I’m dumbfounded. This is a cricket match, not a Miss World pageant. I point at the field and shout. “The foreigners are over there! Those foreigners are famous! Why aren’t you looking at them?” Australia is batting as I speak, and they have one of the best sides in the world.

Apparently the 1,000 accompanying ears to those 1,000 eyes take my question as a rhetorical one, because the attention on us never ceases.

We find seats that allow us to conceal our conspicuity. For a while, anyhow. We choose a patch of empty seats and sit ourselves as far from our paparazzi as possible. But the chairs around us always continue to fill, as the Indians a section or two away never seem satisfied with their original seats for some reason. Every half an hour or so, we move to an empty part of the section in pursuit of peace. But our sought solitude never lasts long.

Once we sit by a fence perpendicular to the field’s boundary. As we focus our attention on the match, dozens of young Indian men slowly gather on the other side, standing and watching us like we’re the purple polar bear exhibit at the zoo. After sitting through this for about twenty minutes, a policeman comes up the aisle to disperse them, brandishing his stick at these men with vigor. Some of the swings he took at the ground were more ferocious than those of the batsmen down on the pitch.

We end up sitting in about five different seats over the course of the match. It’s like a bizarre human version of whack-a-mole. We’re the moles. And the young Indian men around us are trying to whack us.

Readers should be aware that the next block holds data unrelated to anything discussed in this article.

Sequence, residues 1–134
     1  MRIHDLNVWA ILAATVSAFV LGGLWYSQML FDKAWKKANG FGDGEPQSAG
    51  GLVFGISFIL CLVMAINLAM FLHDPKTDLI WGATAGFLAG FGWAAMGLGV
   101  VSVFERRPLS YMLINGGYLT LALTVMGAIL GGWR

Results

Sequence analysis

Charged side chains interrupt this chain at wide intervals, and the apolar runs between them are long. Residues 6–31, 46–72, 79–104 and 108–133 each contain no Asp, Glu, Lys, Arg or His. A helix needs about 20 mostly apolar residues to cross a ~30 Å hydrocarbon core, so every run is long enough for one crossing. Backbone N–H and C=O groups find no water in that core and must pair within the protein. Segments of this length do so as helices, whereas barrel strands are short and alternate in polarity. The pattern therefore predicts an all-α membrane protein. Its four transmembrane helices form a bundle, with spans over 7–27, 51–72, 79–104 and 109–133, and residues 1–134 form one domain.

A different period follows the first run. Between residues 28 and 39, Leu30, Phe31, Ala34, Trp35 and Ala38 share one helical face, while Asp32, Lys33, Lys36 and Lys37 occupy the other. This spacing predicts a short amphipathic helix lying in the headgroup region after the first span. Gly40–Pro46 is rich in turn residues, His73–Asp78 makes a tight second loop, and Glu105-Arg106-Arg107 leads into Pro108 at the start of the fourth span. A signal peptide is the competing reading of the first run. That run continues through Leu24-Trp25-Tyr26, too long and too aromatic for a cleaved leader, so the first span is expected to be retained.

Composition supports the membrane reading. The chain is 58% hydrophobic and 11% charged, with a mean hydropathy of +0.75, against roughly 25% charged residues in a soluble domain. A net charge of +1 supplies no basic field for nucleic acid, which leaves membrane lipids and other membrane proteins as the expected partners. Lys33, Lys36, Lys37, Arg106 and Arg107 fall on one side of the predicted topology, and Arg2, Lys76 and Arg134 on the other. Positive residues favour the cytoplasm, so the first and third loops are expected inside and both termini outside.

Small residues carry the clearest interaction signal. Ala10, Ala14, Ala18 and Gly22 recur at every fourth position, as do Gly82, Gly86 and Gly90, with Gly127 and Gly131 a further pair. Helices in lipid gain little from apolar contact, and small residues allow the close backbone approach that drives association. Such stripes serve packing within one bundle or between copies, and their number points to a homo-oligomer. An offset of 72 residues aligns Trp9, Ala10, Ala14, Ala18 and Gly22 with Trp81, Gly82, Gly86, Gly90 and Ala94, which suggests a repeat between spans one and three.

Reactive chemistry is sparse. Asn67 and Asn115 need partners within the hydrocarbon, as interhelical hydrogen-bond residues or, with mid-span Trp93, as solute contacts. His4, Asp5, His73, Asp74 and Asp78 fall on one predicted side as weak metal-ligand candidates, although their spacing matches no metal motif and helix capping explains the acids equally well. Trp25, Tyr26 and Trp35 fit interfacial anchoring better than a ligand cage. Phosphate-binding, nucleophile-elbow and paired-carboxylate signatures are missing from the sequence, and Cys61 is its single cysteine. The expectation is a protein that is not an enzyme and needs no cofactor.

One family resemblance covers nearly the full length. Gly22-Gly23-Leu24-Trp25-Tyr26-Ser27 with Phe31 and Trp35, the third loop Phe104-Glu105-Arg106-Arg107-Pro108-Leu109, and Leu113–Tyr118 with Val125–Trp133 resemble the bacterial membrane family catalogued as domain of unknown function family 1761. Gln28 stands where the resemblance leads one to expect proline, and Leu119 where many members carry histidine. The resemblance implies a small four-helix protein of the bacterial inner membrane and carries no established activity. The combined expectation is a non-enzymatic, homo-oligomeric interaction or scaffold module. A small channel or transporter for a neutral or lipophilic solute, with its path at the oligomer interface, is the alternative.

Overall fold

A TV cameraman on the field spots us while we’re sitting about ten rows back, his camera unabashedly aimed towards us. It’s apparent he wants our fair and lovely skin on television. For once, we actually don’t mind. But whenever the red light is about to turn on, the Indians in the first three rows stand up and block us from his view. This happens several times. The cameraman throws up his hands and shakes his head, exasperated. It seems the Indians in our section want to keep us a secret.

Too late. The secret’s out. Official pictures of us later end up on the internet. Friends of ours tell us we’ve ended up on TV. The world now knows we’ve been to a cricket match.

It’s a shame the match itself wasn’t too exciting, else the fans might have paid more attention to the players on the field than on us. New Zealand batted first, and the low target they set was an easy one for Australia to chase. Without too many exciting plays, we sat in the sun and watched most of the match in anticipation of a relatively easy Australia win. Australia was definitely the Goliath in this matchup. Their squad hadn’t lost a World Cup match since 1999, and they’d won three World Cups in a row.

But India played the 3-time defending champs a month later, and came out on top in a gritty quarterfinal win. A new champion would be crowned this year. Only New Zealand, India, and two other South Asian teams remained.

But most importantly, the win sent India to the semifinals of the Cricket World Cup.

Against Pakistan.

🙂

To be continued